We’ve only gone through a few months in 2013, but so far, I’m not mad impressed with what has been offered to us as moviegoers and what is on the way to the big screen this year.
While sitting in front of my television this evening, I saw a commercial for the 3D version of Jurassic Park (how old is that!?), another one celebrating G.I. Joe: Retaliation hitting number one at the box office, and I recently saw online the release date for Twelve Years a Slave was recently announced (December 27). When will it all end?
The numerous remakes, from the Sparkles of last year to this year’s releases of sequels for Evil Dead, Iron Man, Star Trek, Despicable Me (though I might have to check that one out), Thor, Hobbit and billions of others mean this will be another year of a huge lack of creativity. Even some of the independent films I’ve checked out so far have been a little stale. And in a moment of bad judgment, I decided to let the trailers for Tyler Perry’s Temptation woo me in to a big movie theater and per the usual, things didn’t end the way I had hoped. Blame it on predictability.
All of these things leave me to wonder, what has happened to creative storytelling in films over the years? You know, complete films with morals, surprise endings that made you go “Whaaaaaaaat!?”, characters you admired like you knew them personally, and stories that just kept you glued to your seat? These staples in film have been pushed into the background for too many parody movies, sad remakes of movies our parents went to the theaters to see back in the day (really, do we need that Carrie remake??), one too many horror films, enough I-got-drunk-now-lets-party-and-tomorrow-we’ll-forget-everything-that-happened films, and predictable rom-coms. Is this really all that big studios are willing to shell out money to make and all they think we want to see?
There are enough books by prolific authors out in the world for all of us to know that there are some really imaginative and just plain ‘ol dope stories needing to be brought to the masses on film. From books like The The Brief Wondrous Life of Oscar Wao by Junot Diaz to Wild Seed or Kindred by Octavia Butler, Sula by Toni Morrison, Things Fall Apart by Chinua Achebe (I know there was a miniseries based on it though…) or Go Tell It On The Mountain by James Baldwin (we can go even further back if you like), I’ve played enough of these novels in my head like they were movies, and I’m thirsty to see someone adapt them for the big screen. If done right, these can have as big an impact as turning a book like PUSH into Precious did a few years ago.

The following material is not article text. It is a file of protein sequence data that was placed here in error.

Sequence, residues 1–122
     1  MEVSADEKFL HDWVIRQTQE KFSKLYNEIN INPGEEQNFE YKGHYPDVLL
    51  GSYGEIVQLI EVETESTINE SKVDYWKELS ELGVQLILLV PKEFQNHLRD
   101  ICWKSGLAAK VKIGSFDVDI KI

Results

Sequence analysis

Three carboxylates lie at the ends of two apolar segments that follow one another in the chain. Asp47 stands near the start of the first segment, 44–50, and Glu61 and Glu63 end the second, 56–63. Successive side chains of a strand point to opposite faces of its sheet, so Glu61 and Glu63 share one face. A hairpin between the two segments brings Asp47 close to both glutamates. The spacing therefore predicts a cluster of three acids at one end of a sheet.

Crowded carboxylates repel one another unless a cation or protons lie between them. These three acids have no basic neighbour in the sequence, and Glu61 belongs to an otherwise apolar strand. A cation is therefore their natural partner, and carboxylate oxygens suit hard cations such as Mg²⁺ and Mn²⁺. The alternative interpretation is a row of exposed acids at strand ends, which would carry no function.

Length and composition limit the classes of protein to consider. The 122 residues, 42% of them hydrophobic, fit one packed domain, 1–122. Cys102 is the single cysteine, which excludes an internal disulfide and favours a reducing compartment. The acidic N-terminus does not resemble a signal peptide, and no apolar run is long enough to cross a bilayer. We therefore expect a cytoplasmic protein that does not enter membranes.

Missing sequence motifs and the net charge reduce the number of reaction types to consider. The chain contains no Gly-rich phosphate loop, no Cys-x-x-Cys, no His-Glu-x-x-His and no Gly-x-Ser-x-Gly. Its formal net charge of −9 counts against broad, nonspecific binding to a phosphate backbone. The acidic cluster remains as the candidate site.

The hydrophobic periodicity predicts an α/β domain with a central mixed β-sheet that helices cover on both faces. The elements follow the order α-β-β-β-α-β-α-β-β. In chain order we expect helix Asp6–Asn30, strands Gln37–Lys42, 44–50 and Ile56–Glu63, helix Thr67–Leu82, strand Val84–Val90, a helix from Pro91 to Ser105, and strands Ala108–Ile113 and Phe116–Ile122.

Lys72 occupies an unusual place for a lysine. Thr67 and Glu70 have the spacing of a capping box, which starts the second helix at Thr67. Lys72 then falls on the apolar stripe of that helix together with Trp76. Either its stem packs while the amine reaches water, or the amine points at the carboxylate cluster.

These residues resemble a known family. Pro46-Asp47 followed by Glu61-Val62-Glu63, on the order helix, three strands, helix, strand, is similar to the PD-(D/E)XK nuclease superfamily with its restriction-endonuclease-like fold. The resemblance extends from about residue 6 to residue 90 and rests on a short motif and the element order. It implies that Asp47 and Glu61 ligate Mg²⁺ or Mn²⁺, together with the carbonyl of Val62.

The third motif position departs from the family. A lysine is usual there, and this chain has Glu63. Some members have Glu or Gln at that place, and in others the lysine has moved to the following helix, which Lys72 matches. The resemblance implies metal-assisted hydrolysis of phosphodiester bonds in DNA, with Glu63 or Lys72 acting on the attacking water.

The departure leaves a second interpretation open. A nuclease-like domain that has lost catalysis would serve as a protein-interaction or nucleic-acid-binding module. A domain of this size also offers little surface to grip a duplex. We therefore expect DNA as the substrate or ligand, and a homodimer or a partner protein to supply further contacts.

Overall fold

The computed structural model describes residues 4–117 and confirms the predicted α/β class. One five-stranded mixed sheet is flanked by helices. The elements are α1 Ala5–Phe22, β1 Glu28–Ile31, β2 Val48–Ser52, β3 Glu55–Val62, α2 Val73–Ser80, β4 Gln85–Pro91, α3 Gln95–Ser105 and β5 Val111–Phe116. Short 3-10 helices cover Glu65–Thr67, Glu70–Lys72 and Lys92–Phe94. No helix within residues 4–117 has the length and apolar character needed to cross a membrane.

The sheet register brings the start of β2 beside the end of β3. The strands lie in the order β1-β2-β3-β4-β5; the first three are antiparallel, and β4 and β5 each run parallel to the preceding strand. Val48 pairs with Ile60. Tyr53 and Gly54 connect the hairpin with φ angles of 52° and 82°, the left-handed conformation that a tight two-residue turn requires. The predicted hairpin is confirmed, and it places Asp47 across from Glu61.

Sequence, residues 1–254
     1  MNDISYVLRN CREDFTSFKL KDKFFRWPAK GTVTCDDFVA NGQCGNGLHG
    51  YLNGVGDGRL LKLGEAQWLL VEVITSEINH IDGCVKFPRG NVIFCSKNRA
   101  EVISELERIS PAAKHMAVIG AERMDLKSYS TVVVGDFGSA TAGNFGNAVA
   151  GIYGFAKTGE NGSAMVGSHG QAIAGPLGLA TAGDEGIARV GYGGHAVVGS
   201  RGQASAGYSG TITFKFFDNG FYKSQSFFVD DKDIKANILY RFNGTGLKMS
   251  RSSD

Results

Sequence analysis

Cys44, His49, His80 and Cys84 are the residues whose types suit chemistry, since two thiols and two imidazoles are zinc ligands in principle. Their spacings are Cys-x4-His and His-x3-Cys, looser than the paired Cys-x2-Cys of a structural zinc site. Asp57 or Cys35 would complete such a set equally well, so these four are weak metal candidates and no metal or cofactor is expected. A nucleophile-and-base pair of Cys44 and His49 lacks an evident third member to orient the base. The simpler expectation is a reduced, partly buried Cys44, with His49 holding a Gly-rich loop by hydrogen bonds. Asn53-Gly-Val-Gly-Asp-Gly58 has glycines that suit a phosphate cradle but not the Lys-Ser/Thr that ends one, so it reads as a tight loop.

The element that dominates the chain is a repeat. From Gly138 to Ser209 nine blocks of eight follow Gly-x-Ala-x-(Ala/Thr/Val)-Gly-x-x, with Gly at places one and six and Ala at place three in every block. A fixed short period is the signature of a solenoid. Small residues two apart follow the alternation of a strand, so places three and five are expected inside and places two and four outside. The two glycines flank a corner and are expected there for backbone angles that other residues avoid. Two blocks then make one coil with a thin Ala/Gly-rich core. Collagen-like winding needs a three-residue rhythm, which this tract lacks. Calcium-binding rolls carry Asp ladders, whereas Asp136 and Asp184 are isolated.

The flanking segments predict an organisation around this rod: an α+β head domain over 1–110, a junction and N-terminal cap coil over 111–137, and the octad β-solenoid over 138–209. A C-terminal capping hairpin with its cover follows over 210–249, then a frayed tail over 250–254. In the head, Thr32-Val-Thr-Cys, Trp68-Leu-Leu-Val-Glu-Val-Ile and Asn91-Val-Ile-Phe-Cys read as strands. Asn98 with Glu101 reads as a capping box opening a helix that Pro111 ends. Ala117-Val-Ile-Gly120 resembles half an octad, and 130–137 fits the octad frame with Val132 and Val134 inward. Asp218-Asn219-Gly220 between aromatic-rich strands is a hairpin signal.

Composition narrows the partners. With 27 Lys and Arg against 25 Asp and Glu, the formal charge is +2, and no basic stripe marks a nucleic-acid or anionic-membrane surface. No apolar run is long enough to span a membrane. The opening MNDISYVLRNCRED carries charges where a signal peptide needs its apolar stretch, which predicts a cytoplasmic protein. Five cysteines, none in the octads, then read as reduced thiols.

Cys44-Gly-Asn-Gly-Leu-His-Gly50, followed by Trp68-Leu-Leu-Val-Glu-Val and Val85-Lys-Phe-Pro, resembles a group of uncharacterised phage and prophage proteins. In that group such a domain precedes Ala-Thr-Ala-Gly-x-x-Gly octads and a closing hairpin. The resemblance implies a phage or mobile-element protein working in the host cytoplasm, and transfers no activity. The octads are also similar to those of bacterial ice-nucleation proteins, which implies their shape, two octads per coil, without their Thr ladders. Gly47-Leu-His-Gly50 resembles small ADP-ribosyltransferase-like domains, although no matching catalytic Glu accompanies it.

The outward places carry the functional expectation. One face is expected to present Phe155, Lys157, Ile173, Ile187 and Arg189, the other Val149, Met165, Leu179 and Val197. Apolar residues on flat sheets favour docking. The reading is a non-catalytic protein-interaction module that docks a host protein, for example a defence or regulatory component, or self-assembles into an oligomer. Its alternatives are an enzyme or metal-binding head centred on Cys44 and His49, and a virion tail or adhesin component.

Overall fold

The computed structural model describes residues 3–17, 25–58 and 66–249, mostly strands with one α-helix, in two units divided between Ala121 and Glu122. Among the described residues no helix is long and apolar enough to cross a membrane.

And can we get some more heroines on screen? And not your conventional ones? Like a Nola Darling in She’s Gotta Have It? Diana Guzman in Girlfight? Maggie in Million Dollar Baby–anybody?
I just honestly miss the days of new movies that were so great that they got passed on by word of mouth and when you watched them, they were just as good as people hyped them up to be. Movies that explored ways of thinking that you’d never imagined, including the possibility of being able to erase an ex-lover from your mind forever (and then deciding at the last minute that those memories were too great to get rid of), the idea of being able to stop murders before they happen, or the hunt for serial killers who plan murders that go after people who openly commit the seven deadly sins. Even stories that made you look with depth at incredibly real and sad issues (such as, how possible sexual abuse can affect the sex lives of victims as they get older–see Shame). And I miss movies about black folks that weren’t just rom-coms (and if they were, they were damn good ones) or about black female characters always and only going through terrible things, including dealing with abuse or tepid home lives. Beasts of the Southern Wild was a refreshing look at black folks trying to thrive after Hurricane Katrina–can we have more of these stories? All of these types have been done to great results, but these days, all we’re being served is the same ‘ol, same ‘ol. What’s up with that?
But then again, as I said, it’s early in the new year, and the movies could definitely get better (we all know the last few months of the year bring out the heavyweights to prepare for Oscar season). But until then, I think I’ll cling to my Netflix subscription and enjoy my blasts from the past in filmmaking, because the present gets two thumbs down…